Layered Material Heterostructures
2D materials hold great promise for a variety of electronic devices including transistors, photovoltaics and light-emitting diodes, particularly since heterostructures can be formed by simply stacking layers of different 2DMs. The properties, and hence functionalities, of such devices depend on the electronic structure at the interface between layers, which is intrinsically difficult to measure directly. In work recently published in Science Advances, Neil Wilson et al, in collaboration with researchers at the University of Washington, uses spatially-resolved Angle Resolved Photoemission Spectroscopy (micro-ARPES) with carefully-designed samples to probe the electronic structure of stacks of MoSe2, WSe2 and graphene, in monolayer, bilayer, heterobilayer and bulk forms. This allows key electronic structure parameters to be extracted, such as the effective mass, spin-orbit coupling, and band widths, as well as band alignments relative to graphene, and in particular, the interaction effects in semiconductor heterobilayers. Nicholas Hine and Gabriel Constantinescu were then able to compare these experimental results to large-scale density functional theory simulations of model heterostructures, enabled by the ONETEP LS-DFT code. This enabled interpretation of the results in terms of intermixed commensurate-incommensurate regions of the aligned MoSe2/WSe2 interface.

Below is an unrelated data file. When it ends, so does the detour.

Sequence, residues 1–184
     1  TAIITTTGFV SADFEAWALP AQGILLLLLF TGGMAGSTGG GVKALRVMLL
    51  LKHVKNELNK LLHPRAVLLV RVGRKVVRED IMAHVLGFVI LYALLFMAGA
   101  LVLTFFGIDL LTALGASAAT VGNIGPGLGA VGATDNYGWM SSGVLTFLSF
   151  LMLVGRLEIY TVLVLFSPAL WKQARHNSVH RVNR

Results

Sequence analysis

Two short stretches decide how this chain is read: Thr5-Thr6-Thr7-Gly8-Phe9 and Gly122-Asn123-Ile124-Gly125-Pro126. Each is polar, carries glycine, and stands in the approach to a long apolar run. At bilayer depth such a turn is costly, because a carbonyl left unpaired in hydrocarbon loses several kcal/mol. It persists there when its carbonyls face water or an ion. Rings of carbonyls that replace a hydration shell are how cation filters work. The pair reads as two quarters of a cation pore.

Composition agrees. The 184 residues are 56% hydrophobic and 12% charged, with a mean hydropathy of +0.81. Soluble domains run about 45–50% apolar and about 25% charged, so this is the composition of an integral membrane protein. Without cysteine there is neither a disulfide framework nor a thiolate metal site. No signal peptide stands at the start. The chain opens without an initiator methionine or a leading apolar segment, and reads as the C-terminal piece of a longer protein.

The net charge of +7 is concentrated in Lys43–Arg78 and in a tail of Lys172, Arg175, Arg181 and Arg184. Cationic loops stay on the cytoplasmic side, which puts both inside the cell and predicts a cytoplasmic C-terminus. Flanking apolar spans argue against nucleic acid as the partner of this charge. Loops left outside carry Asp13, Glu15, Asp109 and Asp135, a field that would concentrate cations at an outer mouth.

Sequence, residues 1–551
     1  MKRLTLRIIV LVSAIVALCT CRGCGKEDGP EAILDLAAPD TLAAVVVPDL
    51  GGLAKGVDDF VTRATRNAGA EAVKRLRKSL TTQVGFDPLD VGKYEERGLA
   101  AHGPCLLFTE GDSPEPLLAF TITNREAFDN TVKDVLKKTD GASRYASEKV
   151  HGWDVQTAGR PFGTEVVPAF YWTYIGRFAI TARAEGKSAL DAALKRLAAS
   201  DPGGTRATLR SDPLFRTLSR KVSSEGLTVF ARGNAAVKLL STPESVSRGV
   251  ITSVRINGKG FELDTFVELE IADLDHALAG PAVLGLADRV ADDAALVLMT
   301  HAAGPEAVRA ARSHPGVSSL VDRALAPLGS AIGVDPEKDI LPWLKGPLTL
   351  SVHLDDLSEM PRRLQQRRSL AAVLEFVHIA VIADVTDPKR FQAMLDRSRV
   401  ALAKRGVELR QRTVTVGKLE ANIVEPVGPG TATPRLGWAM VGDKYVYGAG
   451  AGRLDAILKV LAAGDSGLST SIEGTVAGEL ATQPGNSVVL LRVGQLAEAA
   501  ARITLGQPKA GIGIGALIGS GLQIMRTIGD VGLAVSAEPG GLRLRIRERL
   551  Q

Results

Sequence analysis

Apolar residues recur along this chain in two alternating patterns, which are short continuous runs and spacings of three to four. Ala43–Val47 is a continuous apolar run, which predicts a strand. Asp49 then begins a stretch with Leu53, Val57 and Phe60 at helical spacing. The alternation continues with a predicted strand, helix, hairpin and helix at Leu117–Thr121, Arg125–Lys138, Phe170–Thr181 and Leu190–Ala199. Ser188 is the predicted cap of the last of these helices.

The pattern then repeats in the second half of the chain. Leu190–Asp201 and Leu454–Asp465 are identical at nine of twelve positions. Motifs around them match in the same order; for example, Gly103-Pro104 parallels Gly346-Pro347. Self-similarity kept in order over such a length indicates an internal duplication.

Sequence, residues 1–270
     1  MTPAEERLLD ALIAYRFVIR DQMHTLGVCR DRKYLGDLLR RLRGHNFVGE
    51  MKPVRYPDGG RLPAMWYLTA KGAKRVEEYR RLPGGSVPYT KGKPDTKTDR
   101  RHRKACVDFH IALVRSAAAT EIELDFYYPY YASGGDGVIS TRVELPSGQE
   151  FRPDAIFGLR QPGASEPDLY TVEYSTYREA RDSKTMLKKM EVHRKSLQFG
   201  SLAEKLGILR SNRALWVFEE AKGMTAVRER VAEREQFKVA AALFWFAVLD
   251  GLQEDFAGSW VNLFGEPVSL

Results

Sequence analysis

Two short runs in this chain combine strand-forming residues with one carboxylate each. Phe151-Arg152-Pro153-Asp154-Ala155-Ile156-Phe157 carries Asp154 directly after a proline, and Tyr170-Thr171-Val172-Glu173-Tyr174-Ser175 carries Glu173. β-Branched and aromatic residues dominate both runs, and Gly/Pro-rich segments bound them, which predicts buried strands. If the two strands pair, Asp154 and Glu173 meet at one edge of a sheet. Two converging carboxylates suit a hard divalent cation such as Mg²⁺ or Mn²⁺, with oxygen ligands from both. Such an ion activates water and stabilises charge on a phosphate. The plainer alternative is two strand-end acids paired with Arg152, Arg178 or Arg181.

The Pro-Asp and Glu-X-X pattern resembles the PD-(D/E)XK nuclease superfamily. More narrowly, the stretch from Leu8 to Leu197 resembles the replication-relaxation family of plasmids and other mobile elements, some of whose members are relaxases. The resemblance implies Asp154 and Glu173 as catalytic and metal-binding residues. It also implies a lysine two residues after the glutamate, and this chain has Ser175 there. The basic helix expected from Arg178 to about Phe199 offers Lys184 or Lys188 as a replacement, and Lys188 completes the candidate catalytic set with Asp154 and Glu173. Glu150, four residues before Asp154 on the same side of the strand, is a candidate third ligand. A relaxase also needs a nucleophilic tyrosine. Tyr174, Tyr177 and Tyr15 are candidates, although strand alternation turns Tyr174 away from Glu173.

N. R. Wilson, P.V. Nguyen, K. Seyler, P. Rivera, A. J. Marsden, Zachary P. L. Laker, Gabriel C. Constantinescu,V. Kandyba, A. Barinov, N. D. M. Hine, X. Xu, D. H. Cobden, "Determination of band offsets, hybridization and exciton binding in 2D semiconductor heterostructures", Science Advances 3, e1601832